Gelotte Hommas Architecture needs your vote to help project manager Curt Peterson win a pumpkin design contest sponsored by This Old House. Curt’s pumpkin sculpture, “The Gatekeeper,” appears as one of the magazine’s 99 Wild Pumpkins competing for a spot in the Top 25, which will be announced online Oct. 29. The #1 pumpkin design will be chosen by the editors of This Old House. To sculpt the pumpkin, Curt used a carving knife, clay loop tools, and an X-Acto blade. The whole work took him four hours to complete.
Vote by giving Curt’s “The Gatekeeper” pumpkin sculpture a 100 rating. The site doesn’t provide a unique web address to Curt’s page, but click through the wild pumpkin designs until you find the intimidating “Gatekeeper.” Check back at the Gelotte Hommas blog next week to see if Curt makes the Top 25. Great job, Curt!
Responsive architecture, or buildings that adapt to different environmental conditions, was a hot topic at the 2010 Solar Decathlon, the annual collegiate competition that focuses on solar power and green building techniques. Held this year in Madrid, Spain, Virginia Tech’s Lumenhaus took top honors for its innovative 100% solar-powered, zero-energy model home.
How did they do it? Smart use of solar power, technology, and architectural knowledge. Lumenhaus is designed as an “open pavilion” with movable walls and solar panels that shift to maximize energy efficiency and create the right temperature inside, controlled by an automated system. The open design was inspired by the glass-pavilion architecture of the modernist masterpiece Farnsworth House designed by Mies van der Rohe, which today functions as a museum and historic site in its original location in Illinois. Lumenhaus will be on display Nov. 17-19 at the Greenbuild International Conference and Expo in Chicago.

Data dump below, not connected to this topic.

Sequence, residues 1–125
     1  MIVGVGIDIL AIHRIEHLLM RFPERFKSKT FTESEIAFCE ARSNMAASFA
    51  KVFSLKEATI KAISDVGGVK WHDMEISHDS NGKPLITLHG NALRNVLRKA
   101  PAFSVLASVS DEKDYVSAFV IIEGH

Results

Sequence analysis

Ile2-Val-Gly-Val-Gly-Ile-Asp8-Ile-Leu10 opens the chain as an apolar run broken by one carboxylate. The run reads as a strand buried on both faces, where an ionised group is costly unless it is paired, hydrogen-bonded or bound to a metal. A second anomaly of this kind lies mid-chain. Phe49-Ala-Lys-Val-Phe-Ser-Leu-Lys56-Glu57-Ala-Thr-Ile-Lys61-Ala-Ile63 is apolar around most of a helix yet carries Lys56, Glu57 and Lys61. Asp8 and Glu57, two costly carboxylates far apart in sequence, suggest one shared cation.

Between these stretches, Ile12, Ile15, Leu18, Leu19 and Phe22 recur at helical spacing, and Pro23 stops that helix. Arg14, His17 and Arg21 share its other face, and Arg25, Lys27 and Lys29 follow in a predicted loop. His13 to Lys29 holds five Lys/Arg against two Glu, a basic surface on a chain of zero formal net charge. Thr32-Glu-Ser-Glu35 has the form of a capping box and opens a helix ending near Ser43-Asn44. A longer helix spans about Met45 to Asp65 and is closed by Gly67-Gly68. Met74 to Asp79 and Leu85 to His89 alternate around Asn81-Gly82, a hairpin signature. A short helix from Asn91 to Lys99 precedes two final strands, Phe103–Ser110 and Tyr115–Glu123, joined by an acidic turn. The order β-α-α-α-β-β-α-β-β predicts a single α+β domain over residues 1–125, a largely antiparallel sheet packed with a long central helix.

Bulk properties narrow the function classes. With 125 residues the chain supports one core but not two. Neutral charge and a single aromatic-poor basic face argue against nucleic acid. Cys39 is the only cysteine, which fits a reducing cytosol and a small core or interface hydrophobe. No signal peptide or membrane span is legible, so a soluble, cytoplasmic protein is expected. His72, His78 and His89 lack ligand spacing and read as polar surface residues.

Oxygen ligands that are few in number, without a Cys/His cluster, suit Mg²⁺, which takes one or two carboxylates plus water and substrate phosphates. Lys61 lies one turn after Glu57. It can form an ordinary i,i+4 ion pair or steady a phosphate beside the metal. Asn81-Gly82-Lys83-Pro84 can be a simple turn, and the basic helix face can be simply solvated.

A recent Seattle remodel featured in Old House magazine presents some great ideas for using architectural salvage to create a historic feel inside your home. The feature describes how Robin Warner and Rich Moyer lovingly restored a 1908 Foursquare in Seattle’s Nob Hill neighborhood to its former glory with architectural salvage and historically accurate new construction.
The historic home had been updated throughout the years to reflect the trends of the day, but much of its original look had been covered over. Underneath it all, the couple found inspiration from the original structure of the home. Chief among Robin’s vision for the home was including architectural salvage collected over the years as well as found items to create an aged look to match the home’s architecture.
Ideas for Using Salvaged Materials
antique buffet turned kitchen island
Image via oldhouseonline.com
antique and vintage light fixtures
salvaged laundry sink
salvaged leaded glass window in staircase
salvaged French doors
Though architectural salvage doesn’t always come ready-to-use, the repair work necessary pays off in lovingly restored and age-appropriate interiors. Check out Old House’s “Salvage Shopping Tips” for more renovation style.